And while he wasn’t always the biggest sports fan he eventually found his groove. “At first I was too young and I just wanted to play off the field with my friends, but once I was the right age I really enjoyed it,” he elaborates. “I grew up playing with Mike (Michael) my whole life. It was pee wee and middle school and high school and then we played college together, which is not a very common thing.”
Their brother Beau played in high school and now coaches at Catholic High School while working as an engineer and the duo of Mike and Matthew had the unique opportunity to play at UL together and eventually coach at the same place for a while — AES — before Mike headed to UL.
“One of the highlights of my athletic career was to play with my brother for that long and that often,” Matthew says. “It was a major defining factor in my life and taught me a lot of life lessons.”
Those life lessons have come in many ways over the years from community support and teammate friendships to the games that didn’t go his way.
“Things don’t always go your way and you learn to deal with adversity,” Matthew says. “It’s one of those first times you learn that lesson. In football, teammates get injured and recover and you learn how to come back. It helped me learn to overcome difficulties in life and work as a team.”
That ability to work with others is something all the Desormeauxs learned over the years and something they are all using now as coaches of young men who are learning the game and all the lessons that come with it.
“In football you’re always working with other people and to have that ability prepared me in life. It was a major defining factor in who I am today and where I am right now,” Matt says.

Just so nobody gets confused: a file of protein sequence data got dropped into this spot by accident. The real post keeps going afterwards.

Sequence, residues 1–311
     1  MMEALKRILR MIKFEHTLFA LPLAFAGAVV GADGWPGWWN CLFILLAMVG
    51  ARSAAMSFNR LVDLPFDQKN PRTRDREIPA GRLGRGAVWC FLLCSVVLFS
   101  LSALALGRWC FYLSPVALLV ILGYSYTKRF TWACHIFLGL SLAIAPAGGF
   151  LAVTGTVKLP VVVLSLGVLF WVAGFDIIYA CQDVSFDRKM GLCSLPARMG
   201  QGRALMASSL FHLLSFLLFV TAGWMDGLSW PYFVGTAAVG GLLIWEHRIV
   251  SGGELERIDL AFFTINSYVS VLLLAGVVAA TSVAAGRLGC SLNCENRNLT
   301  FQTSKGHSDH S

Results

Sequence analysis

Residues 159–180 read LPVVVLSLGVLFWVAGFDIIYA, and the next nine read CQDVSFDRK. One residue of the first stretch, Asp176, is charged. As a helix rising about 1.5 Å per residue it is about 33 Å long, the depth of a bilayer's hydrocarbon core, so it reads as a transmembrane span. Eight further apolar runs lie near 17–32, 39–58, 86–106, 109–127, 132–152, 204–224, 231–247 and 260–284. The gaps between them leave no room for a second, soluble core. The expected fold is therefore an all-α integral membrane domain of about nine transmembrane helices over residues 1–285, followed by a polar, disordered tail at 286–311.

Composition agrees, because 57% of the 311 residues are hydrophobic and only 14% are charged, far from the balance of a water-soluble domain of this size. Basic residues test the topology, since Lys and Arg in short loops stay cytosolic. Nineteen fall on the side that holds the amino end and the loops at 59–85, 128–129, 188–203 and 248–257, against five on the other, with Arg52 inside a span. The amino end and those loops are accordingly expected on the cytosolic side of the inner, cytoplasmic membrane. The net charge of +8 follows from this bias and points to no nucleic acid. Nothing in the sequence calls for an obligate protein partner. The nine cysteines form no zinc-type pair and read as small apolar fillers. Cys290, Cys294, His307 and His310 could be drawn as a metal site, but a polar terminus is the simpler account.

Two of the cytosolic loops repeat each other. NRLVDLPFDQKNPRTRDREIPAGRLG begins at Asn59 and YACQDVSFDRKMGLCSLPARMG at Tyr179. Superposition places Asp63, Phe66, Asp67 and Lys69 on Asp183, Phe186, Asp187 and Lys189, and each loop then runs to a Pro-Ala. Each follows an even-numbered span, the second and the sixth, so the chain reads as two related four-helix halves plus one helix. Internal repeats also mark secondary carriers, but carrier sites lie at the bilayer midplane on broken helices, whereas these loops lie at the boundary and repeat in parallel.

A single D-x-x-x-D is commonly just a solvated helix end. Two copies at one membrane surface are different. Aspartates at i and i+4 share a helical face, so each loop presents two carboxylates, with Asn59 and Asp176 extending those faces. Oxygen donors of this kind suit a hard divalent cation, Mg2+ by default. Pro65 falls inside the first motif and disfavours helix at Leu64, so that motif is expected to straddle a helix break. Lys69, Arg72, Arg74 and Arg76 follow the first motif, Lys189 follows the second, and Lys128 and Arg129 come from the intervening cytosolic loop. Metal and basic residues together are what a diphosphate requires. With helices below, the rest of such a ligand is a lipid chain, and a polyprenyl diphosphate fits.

Who the Desormeauxs are today is a collection of various talents with a heart for the kids who they now lead in the sport they once played. You would think that priority for football coaching would have some sort of game-related essence on the field, yet, when Matthew explains his hope for the kids he coaches, he points off the field.
“First and foremost, I love those kids. If there is anything they need, football or not, I’m a mentor and someone they can come back and talk to. I try to stress that when things don’t go your way don’t let those things take you down, but rather let them build you up,” he says. “We want to teach them to deal with life because it’s not just what happens, it’s how you deal with it.”
He says the hardest part of the game is saying goodbye after four years of coaching. “After that last game and it’s all over, knowing the team will never be the same again is always a challenge,” Matthew says. While the end of the year is a hard pill to swallow, the beginning of the year brings a new round of optimism. “Every year the highlight is when they step on the field for the first time and they have that confidence and feel good. Every year, that’s the highlight.”
Growing up it may have seemed to be all football all the time at the Desormeauxs, but the truth is that it was always about much more. “Since I was a little boy, football was the most important thing, but growing into it you learn that it’s a team-oriented game and it’s not just about you,” Matthew reveals.
As for Bill, he says he has no regrets and hopes to be coaching for years to come even though he already has 35 under his belt. “I wouldn’t trade a day playing or coaching. Just like I wouldn’t trade a day of my marriage either,” Bill says pointing to his wife who has been more than a fan.
“You go to a game with her and she can call out the plays they are running,” he says. “She is a football wife and a football mom and she filmed all my games when I was coaching.”
Proving that for the Desormeaux clan, football is truly a family affair. Their passion and dedication for the game is only surpassed by their love and admiration for one another.